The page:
Artists presented in Toulouse:
Archivo Pacifista, Diego Arango, Iván Argote, Débora Arango, Fernando Arias, Maria Jose Arjona, Taller 4 Rojo, Marcos Avila Forero, Álvaro Barrios, Adolfo Bernal, Fernando Botero, Benjamin de la Calle, Francisco Antonio Cano, Antonio Caro, Christina Castagna, Natalia Castaneda, Luz Elena Castro, Carlos Correa, Wilson Díaz, Juan Manuel Echavarría, Clemencia Echeverri, Gonzalo Escovar, Umberto Giangrandi, Ethel Gilmour, Béatriz González, Carlos Granada, Juan Fernando Herran, Albeiro Lopera Hoyos, Rafael Mesa, Laura Huertas Millán, Pablo Mora, Delcy Morelos, Oscar Muñoz, Viki Ospina, Ana Patricia Palacios, Libia Posada, Federico Rios, Miguel Ángel Rojas, Camilo Restrepo, José Alesandro Restrepo, Rodriguez, Rafael Sàenz, Carlos Uribe, Santiago Vélez, Nirma Zarate, etc.

 

Exhibition curator:
Nydia Gutierrez, Chief Curator of the Museo de Antioquia, Medellín
Annabelle Ténèze, Heritage Curator, Director, les Abattoirs, museum of modern and contemporary art – Frac Occitanie Toulouse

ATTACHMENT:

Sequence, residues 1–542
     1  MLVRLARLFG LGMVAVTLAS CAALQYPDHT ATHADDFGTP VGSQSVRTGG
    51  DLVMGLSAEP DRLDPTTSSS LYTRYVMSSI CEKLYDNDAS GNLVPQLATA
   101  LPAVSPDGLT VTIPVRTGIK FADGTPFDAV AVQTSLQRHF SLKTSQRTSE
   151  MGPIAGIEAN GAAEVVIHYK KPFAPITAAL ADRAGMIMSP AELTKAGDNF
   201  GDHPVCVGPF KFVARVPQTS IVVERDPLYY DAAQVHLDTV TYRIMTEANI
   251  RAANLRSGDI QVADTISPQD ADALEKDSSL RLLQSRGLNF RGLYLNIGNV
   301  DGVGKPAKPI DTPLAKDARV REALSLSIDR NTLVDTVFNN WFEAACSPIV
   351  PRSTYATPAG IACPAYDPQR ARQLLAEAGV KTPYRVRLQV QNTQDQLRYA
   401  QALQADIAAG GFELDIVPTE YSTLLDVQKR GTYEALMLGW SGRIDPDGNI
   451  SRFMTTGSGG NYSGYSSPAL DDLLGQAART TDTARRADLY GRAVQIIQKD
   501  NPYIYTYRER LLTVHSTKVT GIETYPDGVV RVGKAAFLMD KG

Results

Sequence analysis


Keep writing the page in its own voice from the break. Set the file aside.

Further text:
Valentin Rodriguez, Heritage Curator, Director of the Collections, les Abattoirs, museum of modern and contemporary art - Frac Occitanie Toulouse

 

The exhibition is organised by Les Abattoirs - Frac Occitanie Toulouse in co-production with the Museo de Antioquia, Medellín, Colombia.

The exhibition receives the exceptional support of the Town Hall of Medellin, the Institut Français and the city of Toulouse as part of 2017 France-Colombia Year.

    

The exhibition also receives the support of the Patronage Committee of the 2017 France-Colombia Year.

 

Francisco Antonio Cano, Horizontes, (Horizons), 1913, Huile sur toile, 95 x 150 cm – Collection Museo de Antoquia, Medellín, Colombie